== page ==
In the summer of 2005, I worked at a Boy Scout camp in far northern Maine as a canoe river guide. My job was to take crews of scouts was from point A to point B on a river in ten days’ time. It was great, the single greatest summer job I ever had. I mean, it sure beat selling candy bars at the country club pool, which I had done the summer before.
Now, the tricky thing about a canoe trip is that you only have so much space for all your stuff. Think about what you absolutely need for a ten day canoe trip: food, cookware, tents, lifejackets, paddles, maps, sleeping bags, and toothbrushes. That stuff takes a quite a bit of space in boat that’s just 14 feet long. Not to mention the two people that actually have to paddle the thing. Then there is some important stuff that you want to take but that you could probably live without for ten days. An extra shirt. An extra pair of shoes. A spare tarp. Then there’s the stuff that you want to take but you really don’t need. I remember reading Shakespeare’s “The Tempest” on one trip. But by the end of the summer, I got so stingy with space and with weight, that I was using a frisbee for plate. Eat, play, double duty.
But I’ll never forget those nights before a trip. It was like Judgment Day, sorting out what you needed, what you would like, and what you were going to leave behind. And as I packed, the pile of stuff that was going to stay behind steadily grew. Extra batteries for the flashlight? Nope. A sweater and a rain jacket? Nope, just pick one. And so on and so forth until I could pack it all without worrying about my canoe riding too low in the water. What you need, what you would like to have, and what you leave behind. And I’ll admit, there was a part of me that just loved telling those young scouts, “sorry, but you’re going to have to leave your pillow and toe nail clippers behind.”
What you need. What you would like to have. What you can leave behind. “If your hand causes you to stumble, cut it off;” Jesus says, “it is better for you to enter life maimed than to have two hands and to go to hell, to the unquenchable fire. And if your foot causes you to stumble, cut it off; it is better for you to enter life lame than to have two feet and to be thrown into hell” (Mark 9:43-45). Now, I don’t think that Jesus is talking about actual hands, feet, and eyes. I think he’s using this startling imagery to get his point across, like he does on a number of occasions. I think Jesus is saying that there are some things we need to leave behind in order to fulfill our mission, our purpose, our goal. Some of those things might be good, they might be fine, but they might also be holding us back from a full life with Jesus. Radical though the imagery may be, this is the cost of discipleship.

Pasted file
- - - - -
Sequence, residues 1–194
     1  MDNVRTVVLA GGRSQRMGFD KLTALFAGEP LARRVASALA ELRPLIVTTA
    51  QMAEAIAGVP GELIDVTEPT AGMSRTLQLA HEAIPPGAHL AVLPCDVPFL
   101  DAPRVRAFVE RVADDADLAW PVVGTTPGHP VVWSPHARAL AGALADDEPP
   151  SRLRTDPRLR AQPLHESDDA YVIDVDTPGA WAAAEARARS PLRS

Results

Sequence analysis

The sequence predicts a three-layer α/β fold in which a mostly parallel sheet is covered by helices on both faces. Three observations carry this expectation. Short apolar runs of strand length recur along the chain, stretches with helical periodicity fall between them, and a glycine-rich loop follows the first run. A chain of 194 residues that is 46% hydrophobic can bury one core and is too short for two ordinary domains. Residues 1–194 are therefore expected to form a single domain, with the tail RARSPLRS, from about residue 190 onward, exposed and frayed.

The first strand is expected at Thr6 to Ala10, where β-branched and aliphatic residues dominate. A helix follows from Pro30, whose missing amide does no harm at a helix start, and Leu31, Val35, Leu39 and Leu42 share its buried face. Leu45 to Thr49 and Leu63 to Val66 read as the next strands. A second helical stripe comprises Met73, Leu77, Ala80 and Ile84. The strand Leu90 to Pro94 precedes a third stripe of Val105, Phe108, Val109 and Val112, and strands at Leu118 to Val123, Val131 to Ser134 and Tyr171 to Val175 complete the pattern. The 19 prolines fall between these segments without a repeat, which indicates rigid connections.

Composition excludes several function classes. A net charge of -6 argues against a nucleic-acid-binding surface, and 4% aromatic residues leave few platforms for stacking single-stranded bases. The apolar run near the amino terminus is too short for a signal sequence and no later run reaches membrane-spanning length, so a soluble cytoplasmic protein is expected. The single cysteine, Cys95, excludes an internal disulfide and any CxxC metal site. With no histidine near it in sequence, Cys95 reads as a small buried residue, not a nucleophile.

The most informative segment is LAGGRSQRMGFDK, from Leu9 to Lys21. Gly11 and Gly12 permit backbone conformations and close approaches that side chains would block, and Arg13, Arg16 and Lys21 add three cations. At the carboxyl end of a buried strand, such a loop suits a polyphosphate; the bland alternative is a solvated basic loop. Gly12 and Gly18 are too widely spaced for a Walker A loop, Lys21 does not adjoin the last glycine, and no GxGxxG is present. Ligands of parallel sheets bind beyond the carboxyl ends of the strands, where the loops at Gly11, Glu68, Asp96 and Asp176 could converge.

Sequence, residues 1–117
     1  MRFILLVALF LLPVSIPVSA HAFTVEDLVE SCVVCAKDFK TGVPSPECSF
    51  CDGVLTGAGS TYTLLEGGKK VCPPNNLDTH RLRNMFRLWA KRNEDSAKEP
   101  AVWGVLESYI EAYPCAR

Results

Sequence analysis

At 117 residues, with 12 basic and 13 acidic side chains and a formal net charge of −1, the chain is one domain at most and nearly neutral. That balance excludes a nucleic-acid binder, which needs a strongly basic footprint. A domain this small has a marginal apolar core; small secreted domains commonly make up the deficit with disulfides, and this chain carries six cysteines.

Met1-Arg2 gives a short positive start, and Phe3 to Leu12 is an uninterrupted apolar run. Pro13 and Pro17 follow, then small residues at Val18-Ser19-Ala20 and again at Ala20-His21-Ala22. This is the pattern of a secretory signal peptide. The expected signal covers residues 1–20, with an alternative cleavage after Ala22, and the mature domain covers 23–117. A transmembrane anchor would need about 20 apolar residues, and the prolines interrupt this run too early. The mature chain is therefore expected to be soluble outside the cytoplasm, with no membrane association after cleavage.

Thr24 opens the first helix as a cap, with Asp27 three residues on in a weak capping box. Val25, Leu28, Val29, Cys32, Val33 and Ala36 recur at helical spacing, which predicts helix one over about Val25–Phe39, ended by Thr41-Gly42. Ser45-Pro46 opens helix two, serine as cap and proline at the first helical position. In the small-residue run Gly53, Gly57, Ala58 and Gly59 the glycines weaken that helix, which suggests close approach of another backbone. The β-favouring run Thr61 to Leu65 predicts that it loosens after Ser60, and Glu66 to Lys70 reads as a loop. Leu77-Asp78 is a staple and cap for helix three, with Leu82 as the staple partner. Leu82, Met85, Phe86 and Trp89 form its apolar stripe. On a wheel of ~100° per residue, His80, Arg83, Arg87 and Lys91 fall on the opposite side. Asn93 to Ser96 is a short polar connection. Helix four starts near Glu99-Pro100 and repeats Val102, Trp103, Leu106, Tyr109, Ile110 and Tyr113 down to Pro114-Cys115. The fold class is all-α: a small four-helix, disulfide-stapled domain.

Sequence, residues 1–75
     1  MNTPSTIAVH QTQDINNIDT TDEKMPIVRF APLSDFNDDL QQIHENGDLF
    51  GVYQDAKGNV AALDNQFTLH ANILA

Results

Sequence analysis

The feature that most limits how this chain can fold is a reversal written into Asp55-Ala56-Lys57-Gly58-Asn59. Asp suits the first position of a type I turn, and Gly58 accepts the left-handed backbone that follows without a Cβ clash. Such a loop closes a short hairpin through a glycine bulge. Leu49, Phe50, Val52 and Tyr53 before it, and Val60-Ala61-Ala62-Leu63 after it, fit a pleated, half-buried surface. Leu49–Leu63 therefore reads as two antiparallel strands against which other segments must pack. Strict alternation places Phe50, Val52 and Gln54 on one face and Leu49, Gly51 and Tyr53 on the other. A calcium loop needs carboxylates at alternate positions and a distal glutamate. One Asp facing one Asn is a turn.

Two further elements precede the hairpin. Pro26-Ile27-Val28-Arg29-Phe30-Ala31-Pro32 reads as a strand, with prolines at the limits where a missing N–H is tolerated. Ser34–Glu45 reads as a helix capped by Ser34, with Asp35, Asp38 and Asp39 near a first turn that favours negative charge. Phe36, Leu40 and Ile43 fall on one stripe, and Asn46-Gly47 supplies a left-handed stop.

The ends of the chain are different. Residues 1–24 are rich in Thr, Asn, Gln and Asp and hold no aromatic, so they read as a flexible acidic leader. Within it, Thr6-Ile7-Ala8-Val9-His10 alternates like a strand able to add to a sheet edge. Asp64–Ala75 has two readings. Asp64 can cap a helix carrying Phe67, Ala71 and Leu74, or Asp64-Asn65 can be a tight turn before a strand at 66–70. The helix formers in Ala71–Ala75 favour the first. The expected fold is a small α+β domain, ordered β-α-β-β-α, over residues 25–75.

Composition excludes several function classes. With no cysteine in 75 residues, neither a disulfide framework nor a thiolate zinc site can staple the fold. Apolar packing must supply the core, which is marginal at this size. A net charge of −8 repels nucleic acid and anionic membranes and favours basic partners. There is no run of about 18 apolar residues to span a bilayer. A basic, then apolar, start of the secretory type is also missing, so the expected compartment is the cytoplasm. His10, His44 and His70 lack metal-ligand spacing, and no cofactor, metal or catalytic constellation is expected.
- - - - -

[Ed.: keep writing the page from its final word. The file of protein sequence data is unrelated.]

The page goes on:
Sure, I could take everything I wanted to in that canoe. But it would’ve made for a terrible trip. Riding low in the water. Having to carry all that extra stuff around the waterfalls. And at the first set of rapids, my canoe would have turned right over. I’m not sure I could have made it from Point A to Point B with all that stuff. Sure, Jesus says, you can keep all the stuff that is causing you to sin, but life will be a lot heavier that way. When trouble comes, it’s only going to weigh you down. You may not be able to fulfill your mission, your purpose as a disciple. And in Jesus’ time, the trouble was coming very soon indeed. Just one generation after Jesus the people of Israel revolt against their Roman overlords. They go to war and it is as bad as you can imagine. The city of Jerusalem is razed to the ground. The ancient Temple is torched. What Jesus is getting at is that the Jews of the time were losing their sense of mission. They were clinging desperately to laws for the sake of laws, and in the process they had lost sight of their purpose. They had forgotten that they were to be light of the world and the salt of the earth. They were carrying all this other stuff and it was weighing them down. And at that first set of rapids, at the war with the Romans, their canoe was as good as sunk. They went down in figurative and in literal flames.